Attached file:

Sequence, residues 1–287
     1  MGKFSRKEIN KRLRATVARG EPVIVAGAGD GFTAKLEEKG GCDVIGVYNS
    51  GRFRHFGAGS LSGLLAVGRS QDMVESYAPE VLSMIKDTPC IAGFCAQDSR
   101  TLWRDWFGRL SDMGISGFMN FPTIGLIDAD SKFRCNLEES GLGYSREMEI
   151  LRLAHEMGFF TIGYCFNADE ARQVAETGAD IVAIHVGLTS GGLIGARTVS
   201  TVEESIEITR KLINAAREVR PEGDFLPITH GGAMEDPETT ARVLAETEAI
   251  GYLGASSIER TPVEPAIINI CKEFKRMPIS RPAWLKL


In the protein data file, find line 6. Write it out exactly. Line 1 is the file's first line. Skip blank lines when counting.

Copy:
   201  TVEESIEITR KLINAAREVR PEGDFLPITH GGAMEDPETT ARVLAETEAI